The impacts of climate change are dependent on both the final stabilization level and the path to reaching stabilization. Climate change and its impacts will grow more severe unless greenhouse gas emissions are stabilized. The IPCC points out a disturbing fact about greenhouse gas emissions: given the long life of gases there is a time lag between carbon emissions and their effects on temperature. This means that even if we halt the increase in coal, oil and gas burning at this very moment, temperatures would continue to rise about .2°C per decade. If we take no action to reduce emissions, the IPCC concludes that there will be twice as much warming over the next two decades. On the other hand, the IPCC concludes that “if all radiative forcing agents [greenhouse gases] are held constant at year 2000 levels, a further warming trend would occur in the next two decades at a rate of about 0.1C per decade.”

What this reveals is that if we had heeded the earlier warnings of the scientists even as late as 2000 and had done the work to reduce CO2 emissions, the temperature increase would be half as much as it is now. The fact is that everyday we continue to emit greenhouse gases, everyday we delay taking action to mitigate and reduce greenhouse gases, we pay a “procrastination penalty” that increases with each year of inaction. Thus, the earlier we lower emissions, the lower the stabilization level. The lower the stabilization rate, the lower the overall temperature increase. The lower the temperature increase, the less severe the world changing impacts.

Current evidence recommends aiming for final stabilization somewhere within the range 450-550 ppm CO2 emissions. For developed countries, like the United States, this means reducing emissions in the range of 80% below 1990 emissions by 2050 to reach 450 ppm, or 60% for 550 ppm. “A comparison of Approaches for International Climate Policy Post 2012” by Nicholas Hoehne of ECOFYS.

It is important to note that a scientific assessment at the 2005 international Avoiding Dangerous Climate Change conference concluded that at the level of 550 ppm it was likely that 2 degrees C would be exceeded. Moreover, stabilizing at 450 ppm would only result in a 50% likelihood of limiting global warming to 2 degrees Celsius. It concluded that to get a relatively high certainty of not exceeding 2 degrees Celsius we would need to achieve stabilization below 400 ppm. With an average of about 2 ppm per year, the projections have shown that we are likely to reach 400 ppm by 2016, 450 ppm by 2041, and 550 ppm by around 2091.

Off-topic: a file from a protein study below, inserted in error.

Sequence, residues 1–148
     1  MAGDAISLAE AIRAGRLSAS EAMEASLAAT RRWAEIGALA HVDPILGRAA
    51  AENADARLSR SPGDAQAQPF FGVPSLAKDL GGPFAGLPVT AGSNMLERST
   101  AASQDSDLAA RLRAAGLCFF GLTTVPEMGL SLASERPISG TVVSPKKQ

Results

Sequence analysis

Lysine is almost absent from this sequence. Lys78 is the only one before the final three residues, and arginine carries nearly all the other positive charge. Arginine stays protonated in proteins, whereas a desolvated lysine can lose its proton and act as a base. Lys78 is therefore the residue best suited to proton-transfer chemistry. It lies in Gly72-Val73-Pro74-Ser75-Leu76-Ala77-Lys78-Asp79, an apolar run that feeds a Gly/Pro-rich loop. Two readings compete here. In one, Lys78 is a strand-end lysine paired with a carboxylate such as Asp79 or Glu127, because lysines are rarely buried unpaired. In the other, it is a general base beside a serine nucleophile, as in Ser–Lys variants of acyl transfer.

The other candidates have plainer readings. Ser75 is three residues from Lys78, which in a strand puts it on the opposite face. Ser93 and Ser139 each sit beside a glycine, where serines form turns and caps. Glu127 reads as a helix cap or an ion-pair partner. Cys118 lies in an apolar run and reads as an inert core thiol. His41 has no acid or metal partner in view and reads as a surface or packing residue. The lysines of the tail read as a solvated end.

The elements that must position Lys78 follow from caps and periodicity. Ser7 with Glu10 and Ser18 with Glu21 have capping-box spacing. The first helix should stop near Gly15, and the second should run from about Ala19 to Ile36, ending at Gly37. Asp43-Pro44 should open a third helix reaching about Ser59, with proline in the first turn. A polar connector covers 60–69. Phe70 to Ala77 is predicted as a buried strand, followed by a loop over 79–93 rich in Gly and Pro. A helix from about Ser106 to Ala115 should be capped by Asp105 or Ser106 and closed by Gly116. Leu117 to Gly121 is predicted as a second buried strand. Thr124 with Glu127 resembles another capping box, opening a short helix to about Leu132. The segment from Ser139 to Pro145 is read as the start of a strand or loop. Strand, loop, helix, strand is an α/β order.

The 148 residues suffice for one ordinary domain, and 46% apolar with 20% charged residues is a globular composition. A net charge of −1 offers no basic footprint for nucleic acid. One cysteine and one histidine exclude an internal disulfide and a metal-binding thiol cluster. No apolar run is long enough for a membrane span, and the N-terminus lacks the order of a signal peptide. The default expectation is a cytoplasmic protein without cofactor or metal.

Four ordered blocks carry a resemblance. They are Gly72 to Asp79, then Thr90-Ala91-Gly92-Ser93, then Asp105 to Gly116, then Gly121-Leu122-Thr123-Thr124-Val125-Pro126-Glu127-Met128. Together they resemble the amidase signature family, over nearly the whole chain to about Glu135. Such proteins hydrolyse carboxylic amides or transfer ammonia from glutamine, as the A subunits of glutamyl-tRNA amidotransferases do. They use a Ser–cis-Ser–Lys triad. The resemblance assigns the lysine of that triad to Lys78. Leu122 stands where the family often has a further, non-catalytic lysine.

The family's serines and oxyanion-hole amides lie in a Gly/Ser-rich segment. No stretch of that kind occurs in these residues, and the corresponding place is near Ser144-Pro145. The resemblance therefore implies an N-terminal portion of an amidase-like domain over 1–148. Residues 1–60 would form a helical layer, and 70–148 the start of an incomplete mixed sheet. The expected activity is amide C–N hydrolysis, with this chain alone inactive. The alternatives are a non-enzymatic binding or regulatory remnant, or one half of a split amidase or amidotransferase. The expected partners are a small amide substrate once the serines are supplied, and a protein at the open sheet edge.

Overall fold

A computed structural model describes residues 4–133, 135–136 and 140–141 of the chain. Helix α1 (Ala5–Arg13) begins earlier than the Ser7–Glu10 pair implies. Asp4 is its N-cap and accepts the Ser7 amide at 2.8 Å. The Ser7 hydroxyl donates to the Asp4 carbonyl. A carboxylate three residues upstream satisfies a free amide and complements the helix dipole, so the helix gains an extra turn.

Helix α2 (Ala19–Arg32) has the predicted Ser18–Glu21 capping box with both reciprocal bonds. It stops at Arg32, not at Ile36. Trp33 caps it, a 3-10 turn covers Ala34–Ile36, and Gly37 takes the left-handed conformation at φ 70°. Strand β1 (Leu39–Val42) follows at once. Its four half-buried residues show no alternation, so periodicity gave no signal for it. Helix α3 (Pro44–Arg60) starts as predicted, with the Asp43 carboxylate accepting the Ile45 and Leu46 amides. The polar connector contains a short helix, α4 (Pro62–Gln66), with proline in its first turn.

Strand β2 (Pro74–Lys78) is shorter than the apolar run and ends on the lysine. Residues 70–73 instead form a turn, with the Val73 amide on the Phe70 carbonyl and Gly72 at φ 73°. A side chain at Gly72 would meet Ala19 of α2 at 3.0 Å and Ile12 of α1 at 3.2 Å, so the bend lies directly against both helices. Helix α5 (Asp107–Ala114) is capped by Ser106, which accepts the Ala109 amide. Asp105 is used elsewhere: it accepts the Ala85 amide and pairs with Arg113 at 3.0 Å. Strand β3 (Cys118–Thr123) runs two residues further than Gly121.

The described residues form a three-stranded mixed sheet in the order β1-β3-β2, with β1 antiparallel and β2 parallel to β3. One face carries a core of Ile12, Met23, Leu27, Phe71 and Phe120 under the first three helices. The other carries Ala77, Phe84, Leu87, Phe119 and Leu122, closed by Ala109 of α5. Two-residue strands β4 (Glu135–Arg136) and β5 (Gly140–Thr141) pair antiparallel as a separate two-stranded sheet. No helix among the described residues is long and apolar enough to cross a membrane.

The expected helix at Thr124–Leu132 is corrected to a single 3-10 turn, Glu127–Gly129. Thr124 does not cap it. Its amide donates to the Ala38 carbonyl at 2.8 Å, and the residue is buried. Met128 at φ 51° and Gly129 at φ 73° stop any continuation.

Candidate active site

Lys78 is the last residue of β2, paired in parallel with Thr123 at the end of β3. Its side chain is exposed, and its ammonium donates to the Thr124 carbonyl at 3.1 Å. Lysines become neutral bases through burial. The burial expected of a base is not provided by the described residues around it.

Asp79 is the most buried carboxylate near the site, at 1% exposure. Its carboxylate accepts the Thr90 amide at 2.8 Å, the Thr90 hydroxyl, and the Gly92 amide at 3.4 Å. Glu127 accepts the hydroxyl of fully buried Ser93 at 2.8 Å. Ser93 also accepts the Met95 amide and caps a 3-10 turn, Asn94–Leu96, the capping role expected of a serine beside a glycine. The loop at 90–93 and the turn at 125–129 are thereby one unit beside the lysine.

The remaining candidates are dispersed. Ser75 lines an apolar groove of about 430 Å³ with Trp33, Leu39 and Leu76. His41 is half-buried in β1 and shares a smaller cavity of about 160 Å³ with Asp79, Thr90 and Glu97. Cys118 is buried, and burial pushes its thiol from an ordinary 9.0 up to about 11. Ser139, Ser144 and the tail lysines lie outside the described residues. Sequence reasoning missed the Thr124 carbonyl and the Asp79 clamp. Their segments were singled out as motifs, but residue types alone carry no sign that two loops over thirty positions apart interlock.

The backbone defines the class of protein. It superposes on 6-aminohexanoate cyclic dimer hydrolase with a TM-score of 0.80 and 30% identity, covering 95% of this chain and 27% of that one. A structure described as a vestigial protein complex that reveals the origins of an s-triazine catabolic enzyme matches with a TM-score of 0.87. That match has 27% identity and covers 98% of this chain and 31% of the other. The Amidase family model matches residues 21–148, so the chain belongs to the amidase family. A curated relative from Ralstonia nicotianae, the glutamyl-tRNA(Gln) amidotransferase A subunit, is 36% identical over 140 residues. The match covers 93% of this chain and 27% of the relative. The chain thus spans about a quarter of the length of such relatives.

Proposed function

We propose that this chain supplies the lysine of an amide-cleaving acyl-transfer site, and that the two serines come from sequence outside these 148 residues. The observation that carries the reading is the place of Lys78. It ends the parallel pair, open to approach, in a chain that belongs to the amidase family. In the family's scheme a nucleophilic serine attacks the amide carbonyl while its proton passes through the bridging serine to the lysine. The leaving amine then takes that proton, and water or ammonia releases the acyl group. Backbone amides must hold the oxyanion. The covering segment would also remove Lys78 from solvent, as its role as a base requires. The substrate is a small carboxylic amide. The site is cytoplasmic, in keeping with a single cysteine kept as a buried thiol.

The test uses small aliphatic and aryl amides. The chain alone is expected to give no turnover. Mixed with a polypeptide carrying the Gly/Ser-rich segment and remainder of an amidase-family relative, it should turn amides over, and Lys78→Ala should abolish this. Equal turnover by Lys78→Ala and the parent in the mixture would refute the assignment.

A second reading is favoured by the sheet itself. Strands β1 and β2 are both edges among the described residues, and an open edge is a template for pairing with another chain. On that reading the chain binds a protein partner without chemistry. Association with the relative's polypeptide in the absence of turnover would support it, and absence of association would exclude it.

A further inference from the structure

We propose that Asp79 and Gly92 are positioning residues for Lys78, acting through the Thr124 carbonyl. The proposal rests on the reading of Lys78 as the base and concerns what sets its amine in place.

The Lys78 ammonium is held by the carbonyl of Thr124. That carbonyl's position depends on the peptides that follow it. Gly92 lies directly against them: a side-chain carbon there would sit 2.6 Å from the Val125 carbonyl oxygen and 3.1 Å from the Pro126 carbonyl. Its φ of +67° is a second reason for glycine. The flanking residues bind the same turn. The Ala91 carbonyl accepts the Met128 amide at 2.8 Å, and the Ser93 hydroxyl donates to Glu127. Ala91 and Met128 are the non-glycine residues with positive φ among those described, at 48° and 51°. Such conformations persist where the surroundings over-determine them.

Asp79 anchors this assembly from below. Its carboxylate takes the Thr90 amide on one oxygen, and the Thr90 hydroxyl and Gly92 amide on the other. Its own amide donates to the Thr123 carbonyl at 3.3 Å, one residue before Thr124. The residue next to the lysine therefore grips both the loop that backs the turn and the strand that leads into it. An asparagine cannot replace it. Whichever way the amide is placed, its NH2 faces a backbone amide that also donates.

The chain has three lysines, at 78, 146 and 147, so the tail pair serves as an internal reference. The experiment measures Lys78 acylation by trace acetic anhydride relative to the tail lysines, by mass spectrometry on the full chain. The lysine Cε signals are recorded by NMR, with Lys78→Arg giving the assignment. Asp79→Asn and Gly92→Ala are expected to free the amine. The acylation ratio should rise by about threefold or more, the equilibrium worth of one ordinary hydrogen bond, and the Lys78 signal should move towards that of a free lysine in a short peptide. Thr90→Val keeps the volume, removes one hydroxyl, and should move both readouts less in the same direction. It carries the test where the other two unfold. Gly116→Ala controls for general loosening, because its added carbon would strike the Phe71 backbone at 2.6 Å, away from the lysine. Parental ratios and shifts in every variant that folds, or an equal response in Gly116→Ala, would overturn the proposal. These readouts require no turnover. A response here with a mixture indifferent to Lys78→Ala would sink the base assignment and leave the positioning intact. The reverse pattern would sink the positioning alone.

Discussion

Delaying action now means more drastic emissions reductions later as evidenced in the McCain-Lieberman and Oliver-Gilchrist bills. Whereas, as seen in the Sanders-Boxer-Waxman and the Kerry-Snowe bills, taking early action, will allow the decline to occur more gradually. It is important to note that if action is slow and the emissions continue to rise, the ultimate level of stabilization will likely be higher (meaning over 550 ppm) and give less margin for error, making the world more vulnerable to unforeseen changes in the Earth’s system. Scientists over the last 10 years are continually discovering the natural CO2 sources and sinks out there (wetland bogs, ocean waters, etc.) and their related feedback loops. These natural sources and sinks present large margins of error, such that a slow start could have significant meaning. Whereas, if early and ambitious action is taken, there is an opportunity for adjustment if necessary. Indeed, under one study, temperatures associated with the delayed action path rose at more than twice the rate of the path where immediate action was taken. Under this scenario, many systems would be impacted by the increased temperature, with the most obvious one being our ecosystem and the species it supports, which may be unable to adapt.

As this debate has ensued, it is clear that steps must be taken immediately. Back in 1974 we averted a similar crisis where CFCs were found to be destroying the stratospheric ozone layer that protects animal and plant life from the sun’s ultraviolet rays. It is said that if we had continued “business as usual” growth of CFCs for just one more decade, the ozone layer would have been depleted to such a level that CFCs would have caused a larger greenhouse effect than CO2. As a world we took a different course. As a result CFCs are now decreasing and the ozone layer is recovering.

It is time again for the United States to rise to the challenge and take strong action to limit our CO2 emissions. Action must be prompt, otherwise CO2-producing infrastructure that may be built within a decade will make it impractical to keep further global warming under the stabilization level. In this case we have a global responsibility to do so. Of all the CO2 emissions produced from fossil fuels, the United States is responsible for approximately 25 % even though we make up only 5% of the population. This is most troubling given the IPCC’s upcoming report, which predicts billions of people could be affected by exacerbated problems in drinking water supply, sanitation, and drought, increased heat stress mortality and vector-borne diseases, and decreased food production in the tropics and subtropics. Most of these effects are negative for the most vulnerable developing countries.

For over 20 years we have ignored the warnings. It is time Congress take heed of these warnings and take immediate steps to reduce the Country’s CO2 emissions. We have already waited too long. “Business as usual” is no longer a viable course.

Comments are closed.